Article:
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What N.F.L. Broadcasters Left Out in Deshaun Watson’s Return

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Watson’s return, and the coverage of it, comes because the N.F.L. is under intense scrutiny for its treatment of girls. The Washington Commanders are the topic of no less than six open investigations into widespread sexual harassment and abuse within the organization, and this spring six attorneys general warned the N.F.L.’s head office to enhance the way it treats female employees.

Brian McCarthy, a league spokesman, said the N.F.L. provided “no direction” to its network partners, including NFL Network, on how one can cover Watson’s return. Much of the coverage mirrored how the N.F.L., the Browns, the Texans and Watson himself wanted football fans to give it some thought: As a turning of the page, moving on from the intense accusations made against Watson to his latest role because the Browns’ franchise quarterback. When NFL Network insider Ian Rapoport reported last week that Watson was being reinstated, he concluded, “So which means it’s officially over.”

Yet much about Watson’s situation stays unresolved. He still faces two lawsuits accusing him of lewd and coercive behavior in massage appointments, after settling 23 others this summer; he must proceed to comply with the treatment program that was a condition of his reinstatement from his suspension; and the last time he directly addressed the accusations against him, in August, he insisted he was innocent and said the general public hasn’t been fascinated by his side of the story.

While each network covered the occasion in a different way, they’d much in common in what they neglected. Aside from an ESPN “Outside the Lines” segment that aired last week, it appeared that none of the important thing networks used footage during N.F.L. programming from either of the 2 news conferences given by Ashley Solis, the primary licensed massage therapist to publicly accuse Watson of sexual misconduct. Also notably missing was mention that the Texans, the Browns’ opponent on Sunday, reached settlements with 30 of Watson’s accusers after The Times reported that the team had provided the venue for among the appointments in addition to a nondisclosure agreement that Watson gave to among the women. Nor did the coverage detail the finding by the retired judge who oversaw Watson’s N.F.L. disciplinary hearing that Watson had engaged in “predatory” conduct that was “more egregious than any before reviewed by the N.F.L.”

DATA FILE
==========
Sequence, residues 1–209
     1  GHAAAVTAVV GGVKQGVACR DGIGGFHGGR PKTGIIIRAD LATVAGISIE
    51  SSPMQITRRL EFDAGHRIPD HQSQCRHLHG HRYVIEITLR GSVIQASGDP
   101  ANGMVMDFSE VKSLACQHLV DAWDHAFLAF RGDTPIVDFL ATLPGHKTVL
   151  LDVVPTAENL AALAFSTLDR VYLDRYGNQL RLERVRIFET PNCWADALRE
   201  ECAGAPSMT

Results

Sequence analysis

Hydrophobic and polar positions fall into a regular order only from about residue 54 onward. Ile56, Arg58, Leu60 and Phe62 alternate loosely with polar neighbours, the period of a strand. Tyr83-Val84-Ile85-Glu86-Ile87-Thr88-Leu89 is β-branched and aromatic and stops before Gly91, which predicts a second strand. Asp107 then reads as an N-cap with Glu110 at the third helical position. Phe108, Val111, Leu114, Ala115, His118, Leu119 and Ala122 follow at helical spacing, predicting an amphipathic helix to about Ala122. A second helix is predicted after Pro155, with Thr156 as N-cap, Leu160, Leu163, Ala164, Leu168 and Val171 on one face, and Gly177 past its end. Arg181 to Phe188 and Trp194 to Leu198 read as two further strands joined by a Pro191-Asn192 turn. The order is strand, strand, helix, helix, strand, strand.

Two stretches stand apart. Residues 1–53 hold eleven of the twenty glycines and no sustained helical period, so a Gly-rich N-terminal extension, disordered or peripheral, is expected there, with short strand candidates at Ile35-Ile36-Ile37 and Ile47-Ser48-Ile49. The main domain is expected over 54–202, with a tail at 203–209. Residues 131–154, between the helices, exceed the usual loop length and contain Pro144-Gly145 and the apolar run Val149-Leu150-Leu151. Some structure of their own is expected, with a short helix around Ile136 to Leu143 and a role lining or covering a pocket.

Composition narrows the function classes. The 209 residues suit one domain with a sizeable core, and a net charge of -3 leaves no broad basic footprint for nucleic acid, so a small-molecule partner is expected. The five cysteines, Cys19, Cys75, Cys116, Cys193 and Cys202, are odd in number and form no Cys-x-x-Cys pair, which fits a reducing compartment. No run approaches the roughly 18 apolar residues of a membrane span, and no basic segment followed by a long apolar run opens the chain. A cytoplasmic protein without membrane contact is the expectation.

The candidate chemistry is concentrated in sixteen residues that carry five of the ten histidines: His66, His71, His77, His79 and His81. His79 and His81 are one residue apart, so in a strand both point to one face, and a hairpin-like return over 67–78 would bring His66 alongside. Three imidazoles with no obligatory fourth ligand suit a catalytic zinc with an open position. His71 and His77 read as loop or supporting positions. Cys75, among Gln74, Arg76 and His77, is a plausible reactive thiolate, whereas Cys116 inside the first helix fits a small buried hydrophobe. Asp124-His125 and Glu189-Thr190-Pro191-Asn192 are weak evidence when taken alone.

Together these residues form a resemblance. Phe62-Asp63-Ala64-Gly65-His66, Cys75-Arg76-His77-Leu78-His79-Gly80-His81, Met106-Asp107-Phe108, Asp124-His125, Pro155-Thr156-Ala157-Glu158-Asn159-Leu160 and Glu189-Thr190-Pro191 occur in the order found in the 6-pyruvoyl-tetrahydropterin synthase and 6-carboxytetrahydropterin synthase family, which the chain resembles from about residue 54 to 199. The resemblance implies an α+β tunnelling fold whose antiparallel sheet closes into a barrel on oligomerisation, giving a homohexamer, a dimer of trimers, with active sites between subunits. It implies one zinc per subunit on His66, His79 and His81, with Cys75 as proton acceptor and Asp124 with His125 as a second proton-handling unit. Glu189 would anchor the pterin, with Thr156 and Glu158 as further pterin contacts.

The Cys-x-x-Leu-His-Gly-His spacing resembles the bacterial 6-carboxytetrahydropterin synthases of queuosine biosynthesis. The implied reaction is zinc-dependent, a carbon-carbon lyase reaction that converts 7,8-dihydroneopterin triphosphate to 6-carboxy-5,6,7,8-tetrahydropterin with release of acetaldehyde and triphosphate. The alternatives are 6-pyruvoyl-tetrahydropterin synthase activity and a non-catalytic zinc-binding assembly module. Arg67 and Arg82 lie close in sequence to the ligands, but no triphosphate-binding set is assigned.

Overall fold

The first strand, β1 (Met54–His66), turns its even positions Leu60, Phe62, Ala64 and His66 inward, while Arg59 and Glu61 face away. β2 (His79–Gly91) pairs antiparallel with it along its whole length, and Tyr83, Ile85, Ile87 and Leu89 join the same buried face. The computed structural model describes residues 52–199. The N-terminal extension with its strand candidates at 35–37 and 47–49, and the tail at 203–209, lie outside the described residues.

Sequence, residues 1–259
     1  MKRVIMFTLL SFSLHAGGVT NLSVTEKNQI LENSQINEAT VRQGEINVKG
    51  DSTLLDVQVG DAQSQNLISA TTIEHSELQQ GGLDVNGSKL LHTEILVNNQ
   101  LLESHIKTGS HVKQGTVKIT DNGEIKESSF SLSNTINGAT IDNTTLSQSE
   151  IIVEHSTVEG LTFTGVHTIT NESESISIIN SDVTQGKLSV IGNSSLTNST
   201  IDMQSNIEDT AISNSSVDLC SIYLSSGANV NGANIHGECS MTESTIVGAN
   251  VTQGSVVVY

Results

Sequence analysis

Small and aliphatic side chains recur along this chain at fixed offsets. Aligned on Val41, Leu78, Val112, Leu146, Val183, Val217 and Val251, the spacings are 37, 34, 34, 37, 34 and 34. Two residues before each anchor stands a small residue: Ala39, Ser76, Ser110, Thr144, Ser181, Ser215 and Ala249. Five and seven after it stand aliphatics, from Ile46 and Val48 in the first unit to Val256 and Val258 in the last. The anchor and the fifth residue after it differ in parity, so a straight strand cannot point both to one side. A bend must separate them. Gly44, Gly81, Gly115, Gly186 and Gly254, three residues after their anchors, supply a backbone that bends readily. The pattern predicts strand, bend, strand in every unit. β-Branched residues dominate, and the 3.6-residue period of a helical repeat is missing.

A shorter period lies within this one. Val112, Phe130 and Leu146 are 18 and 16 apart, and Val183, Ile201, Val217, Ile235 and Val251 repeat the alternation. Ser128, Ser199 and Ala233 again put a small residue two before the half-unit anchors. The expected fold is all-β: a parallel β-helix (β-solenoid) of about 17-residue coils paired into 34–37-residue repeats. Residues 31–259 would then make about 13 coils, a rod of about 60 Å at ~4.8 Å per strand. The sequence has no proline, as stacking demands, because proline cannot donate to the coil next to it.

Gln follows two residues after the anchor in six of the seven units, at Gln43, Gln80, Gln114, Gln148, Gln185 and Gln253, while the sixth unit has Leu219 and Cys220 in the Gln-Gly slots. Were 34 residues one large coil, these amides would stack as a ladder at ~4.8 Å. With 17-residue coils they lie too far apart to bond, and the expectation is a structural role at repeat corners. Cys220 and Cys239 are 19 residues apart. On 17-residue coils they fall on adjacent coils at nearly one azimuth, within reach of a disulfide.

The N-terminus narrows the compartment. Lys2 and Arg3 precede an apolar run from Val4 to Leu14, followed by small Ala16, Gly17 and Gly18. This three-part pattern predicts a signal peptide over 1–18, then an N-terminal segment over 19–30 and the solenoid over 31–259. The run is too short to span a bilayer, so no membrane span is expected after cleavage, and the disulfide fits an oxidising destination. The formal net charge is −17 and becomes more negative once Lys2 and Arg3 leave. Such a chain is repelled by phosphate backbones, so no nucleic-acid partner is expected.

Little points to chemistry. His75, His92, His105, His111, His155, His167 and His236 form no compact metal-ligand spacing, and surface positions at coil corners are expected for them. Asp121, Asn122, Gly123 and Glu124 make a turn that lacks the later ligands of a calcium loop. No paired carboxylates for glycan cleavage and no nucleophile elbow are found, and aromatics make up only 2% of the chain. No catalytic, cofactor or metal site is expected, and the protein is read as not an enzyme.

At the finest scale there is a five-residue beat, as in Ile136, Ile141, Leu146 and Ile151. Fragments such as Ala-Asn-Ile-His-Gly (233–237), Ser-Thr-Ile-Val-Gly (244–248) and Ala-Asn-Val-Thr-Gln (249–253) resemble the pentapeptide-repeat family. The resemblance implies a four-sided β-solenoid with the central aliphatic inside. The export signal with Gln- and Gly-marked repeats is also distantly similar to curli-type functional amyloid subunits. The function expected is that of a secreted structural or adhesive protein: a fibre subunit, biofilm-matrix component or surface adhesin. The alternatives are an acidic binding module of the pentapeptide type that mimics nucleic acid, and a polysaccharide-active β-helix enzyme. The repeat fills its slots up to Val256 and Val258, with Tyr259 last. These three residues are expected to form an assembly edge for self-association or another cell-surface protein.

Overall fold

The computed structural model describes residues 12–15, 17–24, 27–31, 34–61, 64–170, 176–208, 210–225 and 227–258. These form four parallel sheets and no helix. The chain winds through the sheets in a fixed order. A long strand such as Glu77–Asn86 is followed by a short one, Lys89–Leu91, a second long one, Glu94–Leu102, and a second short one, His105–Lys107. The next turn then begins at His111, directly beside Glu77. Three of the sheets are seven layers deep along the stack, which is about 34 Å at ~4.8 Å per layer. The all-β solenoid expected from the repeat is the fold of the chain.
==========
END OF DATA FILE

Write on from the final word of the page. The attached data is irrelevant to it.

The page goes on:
Eliding the small print of the accusations, especially on the day Watson returned from a suspension arising from them, can “render what has happened less serious,” said Meenakshi Gigi Durham, a journalism professor on the University of Iowa.

“It’s critically vital the way in which the media cover the story, and likewise the way in which that the institution itself, the N.F.L., the way in which they’re coping with it,” said Durham, writer of the book “MeToo: The Impact of Rape Culture within the Media.” She added, “Since the broader message that’s being sent about sexual assault and sexual violence basically form of hinges on the way in which that it’s handled in public discourse.”

Watson made clear in the times before his return that he wouldn’t address the controversy directly. In his first news conference after being reinstated, he said that he had been instructed by his clinical and legal advisers only to reply football-related questions. The Browns’ official channels, including the team website and the team-sponsored radio show with Coach Kevin Stefanski, also stuck to football, referring to Watson’s suspension with none mention of why he was disciplined.

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